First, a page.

My Top Ten – An Author's Favourites by Mark Browning

Mark Browning was a Senior Lecturer in Education but now is an independent scholar based in Germany. David Cronenberg: Author or Filmmaker? (2007) remains relevant, especially with Mr Cronenberg due to release his debut novel in the coming year. Stephen King on the Big Screen (2009) will soon be followed by a companion piece, the accurately-named Stephen King on the Small Screen (due for 2011), both through Intellect. David Fincher: Films that Scar (2010) has just been published and studies on Wes Anderson and Danny Boyle will be released next year.

Top 10 Films
This changes day to day and hour-to-hour but as of right now...

Bad Timing
Held back from exhibition on terrestrial TV for many years, Bad Timing is still quite a shocking piece of work. Theresa Russell has never looked sultrier, Nic Roeg’s editing is rarely so subtle and Harvey Keitel’s wink directly at the camera- these all repay repeat viewings.

Bottle Rocket
Love him or loathe him (or loathe him a lot), Wes Anderson shows here many of the trademark elements of his work that viewers have come to love or hate. Before he discovered the depth of Bill Murray’s acting talent, Bottle Rocket set out a different view of dysfunctional America, launched the career of Owen Wilson and the cult hero that is Kumar Pullana.

Out of Sight
The chemistry between Jennifer Lopez and George Clooney, the blend of screwball dialogue with Tarantino-style casual brutality or Scott Frank’s script, arguably the best of the Elmore Leonard adaptations- what’s not to like?

The Shining
Far from perfect but with more artistic endeavour in its soundtrack alone than most other films in their entirety. Kubrick drives his cast mad and along the way coaxes from Nicholson one of his most memorable performances. What happened to the hedge creatures.

The Thing (1982)
As a special effects driven sci-fi/horror, this is very powerful nearly 30 years later with plenty to say about human identity, the creation of claustrophobic settings and one of Carpenter’s best self-composed soundtracks.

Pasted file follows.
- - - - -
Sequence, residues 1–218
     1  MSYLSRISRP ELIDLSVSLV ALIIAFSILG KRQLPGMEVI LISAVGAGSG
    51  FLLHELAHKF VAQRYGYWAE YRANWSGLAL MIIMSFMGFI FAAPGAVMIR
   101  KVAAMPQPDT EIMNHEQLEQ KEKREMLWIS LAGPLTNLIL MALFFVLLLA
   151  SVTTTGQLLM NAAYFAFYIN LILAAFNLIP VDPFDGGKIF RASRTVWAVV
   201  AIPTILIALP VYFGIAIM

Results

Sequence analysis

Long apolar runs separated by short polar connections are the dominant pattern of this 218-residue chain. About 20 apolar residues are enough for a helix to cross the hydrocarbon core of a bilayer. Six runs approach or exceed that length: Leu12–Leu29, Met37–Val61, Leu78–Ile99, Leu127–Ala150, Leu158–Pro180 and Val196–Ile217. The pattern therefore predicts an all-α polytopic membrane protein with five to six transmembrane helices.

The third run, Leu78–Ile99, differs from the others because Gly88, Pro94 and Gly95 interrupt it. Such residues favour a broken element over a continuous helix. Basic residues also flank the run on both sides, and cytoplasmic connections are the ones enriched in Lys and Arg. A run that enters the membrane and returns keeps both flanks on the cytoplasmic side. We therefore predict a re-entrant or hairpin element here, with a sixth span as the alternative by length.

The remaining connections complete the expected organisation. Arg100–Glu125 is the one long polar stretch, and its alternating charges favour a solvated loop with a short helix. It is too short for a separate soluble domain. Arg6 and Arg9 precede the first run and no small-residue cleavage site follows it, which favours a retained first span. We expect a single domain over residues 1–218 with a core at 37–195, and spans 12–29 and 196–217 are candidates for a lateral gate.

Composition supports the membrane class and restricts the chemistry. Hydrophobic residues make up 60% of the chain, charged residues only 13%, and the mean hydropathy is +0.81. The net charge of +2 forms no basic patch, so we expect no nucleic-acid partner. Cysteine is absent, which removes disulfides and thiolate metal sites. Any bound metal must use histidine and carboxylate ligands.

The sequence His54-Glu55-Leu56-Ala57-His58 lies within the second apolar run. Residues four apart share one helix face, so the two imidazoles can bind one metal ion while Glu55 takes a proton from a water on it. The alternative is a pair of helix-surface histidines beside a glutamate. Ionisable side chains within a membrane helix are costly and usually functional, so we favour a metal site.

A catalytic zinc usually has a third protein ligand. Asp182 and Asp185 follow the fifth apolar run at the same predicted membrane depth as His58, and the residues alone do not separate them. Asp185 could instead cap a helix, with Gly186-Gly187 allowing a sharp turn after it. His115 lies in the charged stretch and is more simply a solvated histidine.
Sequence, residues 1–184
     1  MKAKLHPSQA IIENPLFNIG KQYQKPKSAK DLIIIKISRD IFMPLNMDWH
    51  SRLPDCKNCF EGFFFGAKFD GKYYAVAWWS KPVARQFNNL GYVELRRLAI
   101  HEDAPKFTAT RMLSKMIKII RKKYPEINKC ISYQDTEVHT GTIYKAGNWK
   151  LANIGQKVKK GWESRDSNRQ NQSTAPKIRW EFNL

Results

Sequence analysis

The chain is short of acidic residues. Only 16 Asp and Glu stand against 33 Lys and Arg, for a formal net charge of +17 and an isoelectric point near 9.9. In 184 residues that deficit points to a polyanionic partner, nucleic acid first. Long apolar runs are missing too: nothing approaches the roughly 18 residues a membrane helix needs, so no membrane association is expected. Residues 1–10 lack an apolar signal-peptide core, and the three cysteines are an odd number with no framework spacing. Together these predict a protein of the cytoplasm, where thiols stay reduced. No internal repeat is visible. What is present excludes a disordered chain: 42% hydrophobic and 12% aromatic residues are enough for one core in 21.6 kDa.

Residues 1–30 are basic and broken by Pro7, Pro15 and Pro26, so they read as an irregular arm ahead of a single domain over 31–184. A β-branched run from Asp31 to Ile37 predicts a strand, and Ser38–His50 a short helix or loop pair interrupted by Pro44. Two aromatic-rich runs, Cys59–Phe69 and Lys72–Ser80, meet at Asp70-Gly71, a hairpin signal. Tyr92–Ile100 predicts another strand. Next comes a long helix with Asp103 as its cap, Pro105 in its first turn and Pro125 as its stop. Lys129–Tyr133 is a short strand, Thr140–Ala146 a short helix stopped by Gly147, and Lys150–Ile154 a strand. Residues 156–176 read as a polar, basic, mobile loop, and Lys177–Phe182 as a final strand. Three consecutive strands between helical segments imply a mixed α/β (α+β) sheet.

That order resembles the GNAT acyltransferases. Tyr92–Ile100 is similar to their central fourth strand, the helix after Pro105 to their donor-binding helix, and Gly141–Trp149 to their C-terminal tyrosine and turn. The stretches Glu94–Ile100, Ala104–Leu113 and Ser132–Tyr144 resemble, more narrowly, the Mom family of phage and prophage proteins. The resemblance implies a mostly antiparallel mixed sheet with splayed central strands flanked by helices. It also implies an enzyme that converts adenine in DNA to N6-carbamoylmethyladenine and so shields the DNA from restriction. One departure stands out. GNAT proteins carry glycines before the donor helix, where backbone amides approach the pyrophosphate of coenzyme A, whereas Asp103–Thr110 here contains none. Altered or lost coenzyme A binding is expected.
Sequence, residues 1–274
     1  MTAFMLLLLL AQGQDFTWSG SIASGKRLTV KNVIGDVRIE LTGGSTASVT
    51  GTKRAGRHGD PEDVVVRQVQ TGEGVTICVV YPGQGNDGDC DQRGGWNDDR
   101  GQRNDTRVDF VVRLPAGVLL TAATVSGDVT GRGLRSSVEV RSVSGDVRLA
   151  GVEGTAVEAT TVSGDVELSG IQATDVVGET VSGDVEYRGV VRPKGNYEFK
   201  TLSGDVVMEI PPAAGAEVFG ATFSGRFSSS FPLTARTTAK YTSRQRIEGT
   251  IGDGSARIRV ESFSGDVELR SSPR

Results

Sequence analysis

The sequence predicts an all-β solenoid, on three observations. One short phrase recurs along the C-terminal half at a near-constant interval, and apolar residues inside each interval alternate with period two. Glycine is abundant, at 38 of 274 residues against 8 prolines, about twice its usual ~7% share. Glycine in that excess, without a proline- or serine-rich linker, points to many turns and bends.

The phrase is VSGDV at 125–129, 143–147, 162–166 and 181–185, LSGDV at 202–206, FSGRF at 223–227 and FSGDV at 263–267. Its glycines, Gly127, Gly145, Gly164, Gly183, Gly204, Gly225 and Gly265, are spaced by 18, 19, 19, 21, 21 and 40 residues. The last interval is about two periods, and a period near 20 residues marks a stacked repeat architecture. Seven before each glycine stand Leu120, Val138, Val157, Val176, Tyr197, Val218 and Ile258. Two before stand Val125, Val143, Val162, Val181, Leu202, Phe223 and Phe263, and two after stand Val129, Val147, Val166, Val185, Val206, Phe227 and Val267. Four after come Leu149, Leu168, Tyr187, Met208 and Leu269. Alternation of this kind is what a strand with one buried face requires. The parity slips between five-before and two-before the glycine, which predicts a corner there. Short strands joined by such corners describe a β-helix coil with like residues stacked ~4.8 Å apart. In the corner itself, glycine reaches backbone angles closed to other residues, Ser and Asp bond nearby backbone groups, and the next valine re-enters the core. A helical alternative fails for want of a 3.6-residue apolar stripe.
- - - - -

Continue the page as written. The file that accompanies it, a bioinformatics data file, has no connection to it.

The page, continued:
A genuine seismic event in modern cinema, Hitchcock’s blend of action with pop psychology has produced many imitations, but remains unsurpassed, From the editing of the shower scene, speeded-up violins and all, where far less is shown than audiences “remember”, to the suggestive wit of the script, it is a cinephile‘s dream. A boy’s best friend really is his mother.

Probably the closest that film has come to capturing JG Ballard’s notion of psychopathology, some awesomely glacial acting from Deborah Kara Ungar and by
way of Deleuze, some definitive expressions of sadism, masochism and jouissance.

Although it is over 30 years old now, there has been little to surpass this expression of monstrosity, blending HR Giger’s bio-mechanical set design with the most kick-ass heroine of modern cinema.

Fritz Lang’s view of future urban living has not been bettered. Before the self-aware Terminators, before the beauty of multi-racial Blade Runner, there was Lang’s politics and poetry of a future which seems to have already arrived. Experience the recently-revised fuller version, preferably with an orchestra.

A History of Violence
Viggo Mortensen’s carefully-modulated performance, especially the shift in the final act, the stairway scene (closely parallelling the one in Bad Timing) and great supporting performances from Ed Harris and William Hurt, all combine to create one of Cronenberg’s best.

Are you part of the Intellect community? Then send us your top ten... It doesn't have to be books or films, you can send us your top ten works of art or whatever you like (within reason!).

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